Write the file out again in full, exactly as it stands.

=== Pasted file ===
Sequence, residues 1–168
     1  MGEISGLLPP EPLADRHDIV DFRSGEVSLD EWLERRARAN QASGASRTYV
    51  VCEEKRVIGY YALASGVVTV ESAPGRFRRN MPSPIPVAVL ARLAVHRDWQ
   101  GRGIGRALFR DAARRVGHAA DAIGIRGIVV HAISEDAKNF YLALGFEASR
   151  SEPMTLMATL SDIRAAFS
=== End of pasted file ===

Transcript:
Sequence, residues 1–168
     1  MGEISGLLPP EPLADRHDIV DFRSGEVSLD EWLERRARAN QASGASRTYV
    51  VCEEKRVIGY YALASGVVTV ESAPGRFRRN MPSPIPVAVL ARLAVHRDWQ
   101  GRGIGRALFR DAARRVGHAA DAIGIRGIVV HAISEDAKNF YLALGFEASR
   151  SEPMTLMATL SDIRAAFS